The ‘Gender and Authority Network’, funded by The Oxford Research Centre in the Humanities (TORCH), aims to explore and question received notions of social and cultural authority, specifically as they intersect with issues of gender. Starting from a large-scale international conference held at the University of Oxford in January 2016 (‘Women and the Canon’, Christ Church), over the past two years the ‘Gender and Authority Network’ has hosted a series of seminars and lectures from scholars from both within and outside the University of Oxford, all addressing the pivotol issue of gender and authority. The Network has also successfully reached out to non-specialist audiences through its popular blog and podcast series BOSS.

About the Edited Volume

The Gender and Authority network are planning to publish the volume as part of the Routledge Interdisciplinary Research Gender series, from whose editor they have already received an expression of interest about this project.

The volume will combine selected and revised proceedings from the ‘Women and the Canon Conference’ and the ‘Gender and Authority Network’ with invited contributions from established and emerging scholars. In addition, they are currently considering further contributions to be included in one of the volume’s disciplinary sections. For a list of possible areas of investigation click here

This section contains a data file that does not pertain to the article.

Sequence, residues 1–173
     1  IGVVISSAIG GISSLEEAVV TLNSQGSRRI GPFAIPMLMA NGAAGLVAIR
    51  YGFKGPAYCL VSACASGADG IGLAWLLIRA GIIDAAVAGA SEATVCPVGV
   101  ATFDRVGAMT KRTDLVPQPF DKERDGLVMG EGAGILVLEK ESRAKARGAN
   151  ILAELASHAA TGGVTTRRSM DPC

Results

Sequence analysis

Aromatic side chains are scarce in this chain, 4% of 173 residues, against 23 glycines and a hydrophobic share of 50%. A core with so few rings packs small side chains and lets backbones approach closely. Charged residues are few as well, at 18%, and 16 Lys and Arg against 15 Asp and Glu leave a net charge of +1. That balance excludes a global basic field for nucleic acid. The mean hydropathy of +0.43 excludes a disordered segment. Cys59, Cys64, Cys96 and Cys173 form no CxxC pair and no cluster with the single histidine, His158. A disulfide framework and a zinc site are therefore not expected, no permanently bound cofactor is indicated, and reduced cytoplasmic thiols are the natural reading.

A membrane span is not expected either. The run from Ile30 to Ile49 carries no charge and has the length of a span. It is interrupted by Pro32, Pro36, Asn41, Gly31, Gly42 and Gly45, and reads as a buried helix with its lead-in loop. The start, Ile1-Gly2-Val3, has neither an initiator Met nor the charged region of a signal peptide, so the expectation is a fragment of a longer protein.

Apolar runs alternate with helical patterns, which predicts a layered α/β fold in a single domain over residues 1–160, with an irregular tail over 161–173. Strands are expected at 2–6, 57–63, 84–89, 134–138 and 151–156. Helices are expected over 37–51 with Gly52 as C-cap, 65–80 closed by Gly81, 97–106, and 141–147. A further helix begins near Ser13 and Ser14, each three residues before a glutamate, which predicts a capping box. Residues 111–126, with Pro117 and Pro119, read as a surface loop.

The Normans in the South: Mediterranean Meetings in the Central Middle Ages

By some accounts, 1017 marked the advent of the Norman presence in Italy and Sicily, inaugurating a new era of invasion, interaction and integration in the Mediterranean. Whether or not the millennial anniversary is significant, the moment offered an ideal opportunity to explore the story in the south, about a thousand years ago. To what extent did the Normans establish a cross-cultural empire? What can we learn by comparing the impact of the Norman presence in different parts of Europe? What insights are discoverable in comparing local histories of Italy and Sicily with broader historical ideas about transformation, empire and exchange?

Read this Oxford Medieval Studies blog post here

New Opportunities

Mellon Visiting ‘Global South’ Professorships and Fellowships

We are looking for applications from Oxford Humanities academics to host a visiting ‘Global South’ Professorship or Fellowship between 2017-2019.

These visiting professorships and fellowships cover bursary, travel, accommodation and hosting while the visiting speakers carry out a series of public events, seminars and drop-in discussions, also including, filming and live web-streaming.